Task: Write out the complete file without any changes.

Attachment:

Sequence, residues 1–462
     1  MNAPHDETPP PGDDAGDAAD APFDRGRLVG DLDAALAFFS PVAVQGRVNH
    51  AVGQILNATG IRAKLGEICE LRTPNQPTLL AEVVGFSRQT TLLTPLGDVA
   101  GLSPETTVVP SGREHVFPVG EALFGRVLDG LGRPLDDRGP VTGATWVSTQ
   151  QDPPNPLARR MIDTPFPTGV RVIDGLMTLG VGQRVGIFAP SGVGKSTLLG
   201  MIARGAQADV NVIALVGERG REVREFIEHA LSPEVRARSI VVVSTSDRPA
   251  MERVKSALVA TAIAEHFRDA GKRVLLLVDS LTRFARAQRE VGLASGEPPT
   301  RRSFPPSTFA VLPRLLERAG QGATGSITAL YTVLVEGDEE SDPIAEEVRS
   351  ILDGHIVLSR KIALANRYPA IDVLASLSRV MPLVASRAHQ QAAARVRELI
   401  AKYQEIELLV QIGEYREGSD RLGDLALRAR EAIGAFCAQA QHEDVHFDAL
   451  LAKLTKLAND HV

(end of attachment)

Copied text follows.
Sequence, residues 1–462
     1  MNAPHDETPP PGDDAGDAAD APFDRGRLVG DLDAALAFFS PVAVQGRVNH
    51  AVGQILNATG IRAKLGEICE LRTPNQPTLL AEVVGFSRQT TLLTPLGDVA
   101  GLSPETTVVP SGREHVFPVG EALFGRVLDG LGRPLDDRGP VTGATWVSTQ
   151  QDPPNPLARR MIDTPFPTGV RVIDGLMTLG VGQRVGIFAP SGVGKSTLLG
   201  MIARGAQADV NVIALVGERG REVREFIEHA LSPEVRARSI VVVSTSDRPA
   251  MERVKSALVA TAIAEHFRDA GKRVLLLVDS LTRFARAQRE VGLASGEPPT
   301  RRSFPPSTFA VLPRLLERAG QGATGSITAL YTVLVEGDEE SDPIAEEVRS
   351  ILDGHIVLSR KIALANRYPA IDVLASLSRV MPLVASRAHQ QAAARVRELI
   401  AKYQEIELLV QIGEYREGSD RLGDLALRAR EAIGAFCAQA QHEDVHFDAL
   451  LAKLTKLAND HV